One of your members earnestly reveals the plight of her inactive and overweight 9-year-old son and 11-year-old daughter. She fears that if she doesn't do something soon, her kids will be doomed to a lifetime of obesity. She then asks why you don't offer fitness programs for children.
At first you want to tell her that she and her husband, who is also a member, are setting bad examples by both being overweight and only occasionally dropping by the club. Both parents have revealed that their busy schedules prevent them from better usage.
But she isn't the only one who has complained. Other parents have told you about how schools are slashing physical education classes due to budget cuts. Apparently, the local school board has deemed that there are more important things for a school to spend money on — and a child to spend time on — than good health.
So the question comes back to you. Because of the high demand for children's programming, why don't most clubs offer it? It is easy to assume that the demand would be enormous with childhood obesity at an all-time high.
While club owners should make every feasible effort to counteract the seemingly insurmountable problem of childhood obesity, it's important to know the difference between need and demand. To answer your member's question, you tell her that you've offered different programs, but the attendance quickly faded to almost nothing. You also mention that several equipment companies have created lines of children's equipment, but none have taken off. You even reference the bankruptcy of Discovery Zone, a national chain filled with playscapes and different apparatuses designed to get children active. Even McDonald's tried a similar concept but gave up after a couple of locations. Other companies have come and gone trying to license children's programs for clubs. They took a lot of space, and cash flow (demand) did not warrant the expense of such space and payroll.
The potential for children's fitness is enormous, yet solving the problem for a club is equally problematic. Studies have shown that children will not follow a structured equipment routine. The parents may be able to get them to a few classes, but after a certain period of time, the children will want to stop going. Why?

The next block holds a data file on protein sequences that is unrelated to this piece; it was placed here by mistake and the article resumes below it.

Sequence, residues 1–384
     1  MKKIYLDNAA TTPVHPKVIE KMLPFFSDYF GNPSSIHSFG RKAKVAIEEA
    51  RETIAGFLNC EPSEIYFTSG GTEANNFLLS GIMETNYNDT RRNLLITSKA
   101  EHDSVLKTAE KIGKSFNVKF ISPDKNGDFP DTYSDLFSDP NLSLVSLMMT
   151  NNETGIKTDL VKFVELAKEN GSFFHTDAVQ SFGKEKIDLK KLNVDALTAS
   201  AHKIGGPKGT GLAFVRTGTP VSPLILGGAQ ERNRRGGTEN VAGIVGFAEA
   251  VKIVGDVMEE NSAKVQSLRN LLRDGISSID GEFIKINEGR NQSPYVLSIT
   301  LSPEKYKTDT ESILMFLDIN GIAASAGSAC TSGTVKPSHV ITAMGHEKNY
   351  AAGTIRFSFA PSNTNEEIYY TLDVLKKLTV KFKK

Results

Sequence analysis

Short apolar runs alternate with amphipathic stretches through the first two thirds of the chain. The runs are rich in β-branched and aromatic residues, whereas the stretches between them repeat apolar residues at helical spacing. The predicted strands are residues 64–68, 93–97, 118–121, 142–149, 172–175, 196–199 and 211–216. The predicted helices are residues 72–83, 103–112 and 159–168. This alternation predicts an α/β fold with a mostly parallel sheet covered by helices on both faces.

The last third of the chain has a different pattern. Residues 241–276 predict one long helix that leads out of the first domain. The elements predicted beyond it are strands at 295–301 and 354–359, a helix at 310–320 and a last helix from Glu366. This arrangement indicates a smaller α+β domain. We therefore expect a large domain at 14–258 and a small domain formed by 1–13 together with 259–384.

First and foremost, children are being reprogrammed at younger and younger ages to be inactive. Newton's law of physics states that a body in motion tends to stay in motion and a body at rest tends to stay at rest. The same principle applies to the human body. If humans don't move around and exercise on a consistent basis, working out can be an uncomfortable — even painful — experience. Due to technology, we use our bodies less than at any other time in history. Initially, this was just a problem for adults, but with the rising popularity of sedentary activities such as surfing the Web, watching TV or playing video games, children have become so inactive that even movement for them becomes uncomfortable. Just like adults, children are now so out of shape that most activity is met with complaints and excuses. Until they are about five years old, children are usually bundles of energy, but when they reach school age, more of their time is filled with inactive experiences. Plus, they see exercise as uncomfortable, boring and embarrassing (yes, some children stay active by playing sports, but unfortunately, these children are in the minority). So trying to get a child to follow a fitness routine may be met with complete opposition.
However, hope seems to be just around the corner. Now it appears that newer interactive games — combining video games and technology with movement — will have a positive effect on the health of children. The good news is that these games don't take much space in a health club. Now a child can play tennis on a TV screen by moving to hit the ball. Other games are coming out that have similar movements associated with “playing” the game or “dancing” a movement. This tricks the children into increasing their heart rate and getting some exercise. Ultimately, some movement may lead to more and more movement.
If filling your health club with children's fitness programs has a poor track record, consider a different approach. By investing in interactive games that get kids moving, you can help prepare these children for a lifetime of health club membership.
Bruce Carter is the president of Optimal Fitness Design Systems International, a club design firm that has created about $420 million worth of clubs in 45 states and 26 countries.